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Charley's Aunt at Manchester Royal Exchange

Published by: Caroline May on 30th Jun 2010 | View all blogs by Caroline May
CHARlIES AUNT.jpg

If a picture is worth a thousand words then the accompanying production shot should tell you a great deal about Brandon Thomas’s 1892 farce Charley’s Aunt, which has just opened at Manchester’s Royal Exchange Theatre.  If you examine the photograph carefully you will notice that Oliver Gomm, who might be said to share the title role, is not playing a conventional Victorian widow.  But then, Donna Lucia D’Alvadorez is, in her own words, “no ordinary woman”.

Dating from the same period as The Importance of Being Earnest and the Savoy operas, Charley’s Aunt is every bit their equal for verbal dexterity, ridiculous situations and favourite stock characters - the silly-ass lord, the tyrannical uncle and the gauche lover are all present and correct.

The simple premise - two Oxford students invite their prospective fiancées to lunch and require a chaperone at short notice - is complicated by (among other accidentals) a jealous guardian, an impoverished (but titled) father, and the imminent arrival of a millionaire aunt who has never met her orphaned nephew because she’s been living in Brazil - “where the nuts come from”.  And in the best tradition of English farce there’s plenty of elaborate business, clowning about and slap-stick. 

Oliver Gomm is lovably daft as Lord Fancourt Babberley, and his virtuosic comedy cadenza with the piano in Act 3 earned him a round of applause on press night.  Stephen Hudson as the put-upon valet Brassett acts as a kind of world-weary Chorus, Malcolm Rennie is terrifyingly pop-eyed as the apoplectic Uncle Spettigue, and Briony McRoberts is charming and mischievous as the relative from the New World.

Director Braham Murray has slightly updated the setting to the 1920s for no discernable reason, although it is to the detriment of the plot device: the extremities of Victorian propriety might necessitate a cross-dressing chaperone, but the Bright Young Things of Brideshead-era Oxford could happily have managed without.  And if the intention was to give a Wodehousian flavour to the proceedings it doesn’t work because the most of the playing is far too naturalistic.  But at least the business is performed with flair and fluency, and all the physical comedy is first-rate.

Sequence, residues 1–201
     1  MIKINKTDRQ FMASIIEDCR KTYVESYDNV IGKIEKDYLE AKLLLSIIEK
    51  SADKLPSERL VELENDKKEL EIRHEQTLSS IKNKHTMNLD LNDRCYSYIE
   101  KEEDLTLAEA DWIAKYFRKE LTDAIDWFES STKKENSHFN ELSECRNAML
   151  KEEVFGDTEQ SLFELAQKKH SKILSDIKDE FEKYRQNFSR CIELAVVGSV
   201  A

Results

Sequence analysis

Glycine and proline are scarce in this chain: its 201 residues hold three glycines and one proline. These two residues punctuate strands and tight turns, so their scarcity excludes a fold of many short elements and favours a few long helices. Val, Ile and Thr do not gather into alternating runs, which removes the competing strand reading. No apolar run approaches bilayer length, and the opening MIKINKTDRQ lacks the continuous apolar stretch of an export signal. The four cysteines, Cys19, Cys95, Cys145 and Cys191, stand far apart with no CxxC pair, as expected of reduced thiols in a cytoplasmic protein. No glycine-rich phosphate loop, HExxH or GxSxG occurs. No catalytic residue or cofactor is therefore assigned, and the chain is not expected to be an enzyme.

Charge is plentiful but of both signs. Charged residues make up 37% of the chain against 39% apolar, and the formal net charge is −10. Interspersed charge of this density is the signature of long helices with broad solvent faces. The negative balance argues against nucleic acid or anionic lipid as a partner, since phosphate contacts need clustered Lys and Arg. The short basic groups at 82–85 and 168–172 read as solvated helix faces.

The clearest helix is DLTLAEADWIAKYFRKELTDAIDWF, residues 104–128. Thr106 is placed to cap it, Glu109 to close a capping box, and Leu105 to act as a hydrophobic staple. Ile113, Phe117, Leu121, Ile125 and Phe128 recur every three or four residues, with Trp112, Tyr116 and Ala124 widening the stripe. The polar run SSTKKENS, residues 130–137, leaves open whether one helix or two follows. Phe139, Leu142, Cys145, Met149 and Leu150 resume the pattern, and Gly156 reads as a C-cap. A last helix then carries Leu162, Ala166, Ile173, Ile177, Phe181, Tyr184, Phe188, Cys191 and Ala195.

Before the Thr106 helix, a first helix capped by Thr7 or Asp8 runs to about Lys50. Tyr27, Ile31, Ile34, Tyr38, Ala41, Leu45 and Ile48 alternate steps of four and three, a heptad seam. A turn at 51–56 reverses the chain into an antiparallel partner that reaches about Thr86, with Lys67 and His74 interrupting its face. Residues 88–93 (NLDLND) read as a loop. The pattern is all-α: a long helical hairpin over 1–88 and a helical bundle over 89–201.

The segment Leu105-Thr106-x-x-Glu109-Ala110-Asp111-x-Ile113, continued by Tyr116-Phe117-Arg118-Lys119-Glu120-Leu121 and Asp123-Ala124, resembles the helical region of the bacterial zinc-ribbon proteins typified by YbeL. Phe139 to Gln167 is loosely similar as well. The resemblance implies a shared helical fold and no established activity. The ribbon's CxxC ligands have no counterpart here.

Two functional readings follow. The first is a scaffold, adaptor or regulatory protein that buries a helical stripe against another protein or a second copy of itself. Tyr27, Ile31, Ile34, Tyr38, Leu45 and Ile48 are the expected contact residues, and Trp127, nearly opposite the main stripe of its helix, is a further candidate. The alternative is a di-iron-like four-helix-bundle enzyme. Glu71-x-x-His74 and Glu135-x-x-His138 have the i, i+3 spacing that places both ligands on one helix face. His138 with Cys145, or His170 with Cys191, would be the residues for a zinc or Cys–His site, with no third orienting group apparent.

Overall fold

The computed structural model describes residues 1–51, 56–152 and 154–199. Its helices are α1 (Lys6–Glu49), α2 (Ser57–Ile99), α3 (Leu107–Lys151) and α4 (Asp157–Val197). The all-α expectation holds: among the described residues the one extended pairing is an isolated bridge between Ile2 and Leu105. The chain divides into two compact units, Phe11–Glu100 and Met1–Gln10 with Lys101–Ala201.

Designer Johanna Bryant gives us three delightful sets, and the ladies’ flapper costumes are ravishing.  Truly, if the Royal Exchange were ever to go up in flames it would be the wardrobe department that I would rush in and save.

Those who have seen Charley’s Aunt before know it’s one of the English stage’s most copper-bottomed comedy classics, a treat never to be missed, and will already have booked their seats.  If you haven’t seen it before then you should make arrangements to remedy this situation as soon as possible. 

 

Charley’s Aunt is on until Saturday 7 August 2010

Prices: £8.50-£29.50

Evenings: Mon-Fri @ 7.30, Sat @ 8pm [no performance Tues 6 July]

Matinees: Wed @ 2.30pm, Sat @ 4pm and Tues 6 July @ 2.30pm

Box Office: 0161 833 9833

www.royalexchange.co.uk

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